††† http://en.wikipedia.org/wiki/Desert_Orchid

‡ All witch/hag/crone/sorceress references here will be scorned. 

‡‡ http://www.davidaustinroses.com/english/showrose.asp?showr=551

‡‡‡ Because I am totally hopeless and stupid, I have just wasted a good ten minutes looking for a YouTube of Eileen Farrell singing Blow the Wind Southerly, when eventually it occurred to me that who I meant to be looking for is Kathleen Ferrier.  Shoot me, I’m too dumb to live.

But meanwhile, if you have the stomach for it—and anyone under the age of fifty probably doesn’t—listen to the frelling quality of this voice.  Shoot me again, before I start singing (again).


Oh, and yes,  I have sung Believe Me If All Those Endearing Young Charms.^  I play it (on the piano) too.  How can you resist a lyric that goes ‘Let thy loveliness fade as it will/ And around the dear ruin, each wish of my heart/ Would entwine itself verdantly still.’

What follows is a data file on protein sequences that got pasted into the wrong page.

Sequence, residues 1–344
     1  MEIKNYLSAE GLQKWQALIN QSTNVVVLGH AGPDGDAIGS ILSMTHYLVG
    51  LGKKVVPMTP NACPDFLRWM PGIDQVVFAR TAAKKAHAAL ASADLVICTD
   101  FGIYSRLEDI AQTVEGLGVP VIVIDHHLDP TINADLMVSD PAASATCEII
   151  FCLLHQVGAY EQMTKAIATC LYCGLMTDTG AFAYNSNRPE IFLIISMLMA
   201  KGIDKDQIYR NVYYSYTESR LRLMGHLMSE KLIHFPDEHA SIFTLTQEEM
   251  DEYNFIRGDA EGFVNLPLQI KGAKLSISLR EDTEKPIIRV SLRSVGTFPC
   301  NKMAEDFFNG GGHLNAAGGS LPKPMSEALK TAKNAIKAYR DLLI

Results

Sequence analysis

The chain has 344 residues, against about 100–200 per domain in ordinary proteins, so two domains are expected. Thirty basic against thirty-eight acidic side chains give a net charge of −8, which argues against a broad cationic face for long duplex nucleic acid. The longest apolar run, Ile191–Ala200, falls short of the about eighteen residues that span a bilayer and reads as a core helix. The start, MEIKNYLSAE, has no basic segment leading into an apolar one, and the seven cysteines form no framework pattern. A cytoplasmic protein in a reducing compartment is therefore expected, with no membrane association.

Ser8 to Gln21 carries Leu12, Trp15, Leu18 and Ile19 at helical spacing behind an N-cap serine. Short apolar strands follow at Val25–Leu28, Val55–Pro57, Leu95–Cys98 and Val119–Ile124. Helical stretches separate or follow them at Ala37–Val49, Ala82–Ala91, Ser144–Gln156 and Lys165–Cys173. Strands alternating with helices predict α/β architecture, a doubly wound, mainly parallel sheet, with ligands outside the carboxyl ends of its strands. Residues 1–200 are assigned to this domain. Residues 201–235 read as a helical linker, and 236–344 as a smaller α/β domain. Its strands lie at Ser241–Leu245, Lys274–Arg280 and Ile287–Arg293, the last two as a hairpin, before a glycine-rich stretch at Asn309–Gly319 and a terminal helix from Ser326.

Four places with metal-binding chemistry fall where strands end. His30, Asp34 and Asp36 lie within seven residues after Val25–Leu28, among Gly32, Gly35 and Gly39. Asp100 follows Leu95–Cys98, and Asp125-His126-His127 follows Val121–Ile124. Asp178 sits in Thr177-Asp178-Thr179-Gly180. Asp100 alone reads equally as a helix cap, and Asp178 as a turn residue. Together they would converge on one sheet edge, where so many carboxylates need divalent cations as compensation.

Anyway.  Here’s what I meant to be finding for you:  http://www.youtube.com/watch?v=WjvHg9cBriw


And, just because I love it^^, and because Blondel let me sing it . . . and because it provided one of those critical Moments of Ultimate Trauma, in this case when I had to come in ALL BY MYSELF WITHOUT THE PIANO . . . argle gargle blerg whimper, but listen to this voicehttp://www.youtube.com/watch?v=68j0aCur3lM   —Just by the way, I feel only someone with a Kathleen-Ferrier voice would dare take it this slowly.

^ You call that SINGING?  —Only very late at night, after a couple of glasses of champagne.  Hic.  Which would be now, since you mention it.

^^ Unfortunately, Oisin says that the Muddlehamptons sang the Messiah fairly recently.  Oh well.  I’m not going for any solos anyway. 

§ Not to mention all my pink t shirts.

§§ But it probably would involve passing an audition.  I’ll think about that later.  Like, 2015 or something. 

§§§ See:  not having to pass an audition.